Computer Cyber Crimes & Sex Offenses

Success for our Clients

ZLM Client, 18 years of age, faced the possibility of decades in prison for possession of child Pornography, however, ZLM convinced prosecuting attorney to charge Client as a juvenile, thus avoiding a possible prison sentence. In Juvenile Court, ZLM attorneys identified numerous problems within Affidavit for Search Warrant and filed a Motion to Suppress. As a result of ZLM’s representation, ZLM successfully negotiated plea agreement whereby Client entered an admission to two (2) counts of possessing criminal tools and remaining charges were dismissed. As a result, Client served no time in jail or juvenile detention, was not classified as a sex offender, and was sentenced to a short term of probation. Within one year of the plea, ZLM successfully petitioned the Court to seal Client’s juvenile adjudication, and the case was deemed not to have occurred.


If you are utilizing the BitTorrent protocol for peer-to-peer file sharing, you should be aware that your computer is subject to being remotely searched by law enforcement for the presence of “torrent files” that have been previously identified by law enforcement as being of “investigative interest”, even without a warrant. Law enforcement routinely identifies the presence of suspicious torrent files on computers through the use of covert computer searches in an effort to establish probable cause to obtain a search warrant. But does this investigative technique constitute a warrantless search?

After a search warrant is obtained, it is not unusual for law enforcement to find numerous potentially illegal images and/or video files on the computer hard drive. But did the user even know these image and/or video files were present? Is there evidence that the user sought such content out, or was it unknowingly downloaded?

In such cases, there are many questions that must be addressed and answered by the defense. But computer sex offense cases do not just include possession or distribution of child pornography. Computer sex offense cases can include, but are not limited to, the following:




In such cases, the range of sentences that courts can impose range from probation to several decades of imprisonment, as each actionable video and/or image file will typically be charged as a separate offense. Further, the possibility of consecutive sentences for multiple felony counts gives courts an extremely broad range of sentencing options. There is extreme disparity and inconsistency in sentences imposed in such cases. It is not unusual for individuals convicted of State and/or federal child pornography charges to be sentenced to decades of imprisonment.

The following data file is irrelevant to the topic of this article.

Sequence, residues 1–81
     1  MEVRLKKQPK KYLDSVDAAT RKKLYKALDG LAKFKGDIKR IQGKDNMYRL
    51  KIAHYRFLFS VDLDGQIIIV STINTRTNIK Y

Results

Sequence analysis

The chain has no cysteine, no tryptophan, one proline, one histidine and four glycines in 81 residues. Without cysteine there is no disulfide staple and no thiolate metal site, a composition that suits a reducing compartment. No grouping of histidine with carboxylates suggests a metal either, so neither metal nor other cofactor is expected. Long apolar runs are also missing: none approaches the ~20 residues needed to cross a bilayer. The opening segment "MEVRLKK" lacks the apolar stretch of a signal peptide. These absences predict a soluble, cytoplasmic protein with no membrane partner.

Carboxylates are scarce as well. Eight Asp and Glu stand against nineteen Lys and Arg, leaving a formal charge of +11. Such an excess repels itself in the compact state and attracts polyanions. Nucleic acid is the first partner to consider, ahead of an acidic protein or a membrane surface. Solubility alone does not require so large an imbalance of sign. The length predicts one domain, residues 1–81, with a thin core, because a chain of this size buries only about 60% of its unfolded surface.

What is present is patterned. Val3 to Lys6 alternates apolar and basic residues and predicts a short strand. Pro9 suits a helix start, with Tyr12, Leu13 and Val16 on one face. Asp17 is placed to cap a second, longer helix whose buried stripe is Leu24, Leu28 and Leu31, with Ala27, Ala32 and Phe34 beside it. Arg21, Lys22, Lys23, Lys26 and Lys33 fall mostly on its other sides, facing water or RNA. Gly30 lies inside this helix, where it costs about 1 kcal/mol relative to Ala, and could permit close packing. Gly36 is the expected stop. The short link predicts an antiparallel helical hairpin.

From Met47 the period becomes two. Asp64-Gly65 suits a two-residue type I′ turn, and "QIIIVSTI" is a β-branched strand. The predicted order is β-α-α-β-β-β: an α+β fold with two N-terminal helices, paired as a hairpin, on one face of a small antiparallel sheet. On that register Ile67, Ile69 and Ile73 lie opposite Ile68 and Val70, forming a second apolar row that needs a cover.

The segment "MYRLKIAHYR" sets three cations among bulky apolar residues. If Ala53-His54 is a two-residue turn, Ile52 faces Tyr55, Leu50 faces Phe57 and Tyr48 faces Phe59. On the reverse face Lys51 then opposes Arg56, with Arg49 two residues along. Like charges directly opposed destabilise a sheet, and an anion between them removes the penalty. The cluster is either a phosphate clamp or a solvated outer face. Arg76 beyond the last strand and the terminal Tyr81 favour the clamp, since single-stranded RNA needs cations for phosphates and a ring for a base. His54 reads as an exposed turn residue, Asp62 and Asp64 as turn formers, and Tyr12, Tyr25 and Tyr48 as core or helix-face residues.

The Adam Walsh Child Protection and Safety Act (“Adam Walsh Act”) is a federal statute, which was enacted in 2006. The Act classifies sex offenders and sets standards for registration, creating a national registry. Ohio has implemented its own Adam Walsh Act. See O.R.C. § 2950 . Under the Adam Walsh Act sex offenders are classified on a tier level: Tier 1, Tier 2, and Tier 3, with Tier 1 being the least serious and Tier 3 the most serious. Each offense is classified as a specific Tier level.


The Sex Offender Registration and Notification Act (“SORNA”), Title I of the Adam Walsh Child Protection and Safety Act of 2006, sets out standards for sex offender registration. Ohio has substantively implemented SORNA.

For purposes of registration, a sex offender is any individual who was convicted of a sex offense. A sex offender must register in the jurisdiction where he resides, is an employee, and/or is a student. The offender must keep the registration up-to-date. Keeping registration up-to-date requires the offender to personally appear in a jurisdiction no later than 3 business following a change in address, employment, or student status to update his sex offender registry. The offender must also update the registry if the offender has a name change. If the offender is convicted in a jurisdiction other than the one in which he lives, then he must initially register there as well.

Ohio requires a Tier I offender to register for 15 years, a Tier II offender to register for 25 years, and a Tier III offender to register for life. Further, in-person appearances are generally required once a year for a Tier I offender, twice a year for a Tier II offender, and every three months for a Tier III offender.

The Ohio Registry can be viewed by anyone and contains information such as the offender’s name, Tier level, age, race, hair color, height, weight, eye color, any scars and/or tattoos, address, and the offense that the offender was convicted of, as well as the date of conviction. The registry also contains a current photograph of the offender.


If you or a family member is under investigation for, or have been charged with, state or federal computer sex crimes, contact Zukerman, Lear & Murray Co., L.P.A. immediately. We will review your case under a microscope and let no detail or piece of evidence go unexamined. We use our experience and creativity to secure every advantage for you or your family member because anything less would be an injustice. We are on-call 24/7. We return every call. We answer every question. Our goal is to win every case that comes to us. You can rest easy knowing that we as your attorney will hold nothing back in our fight for the future of you or your family member.

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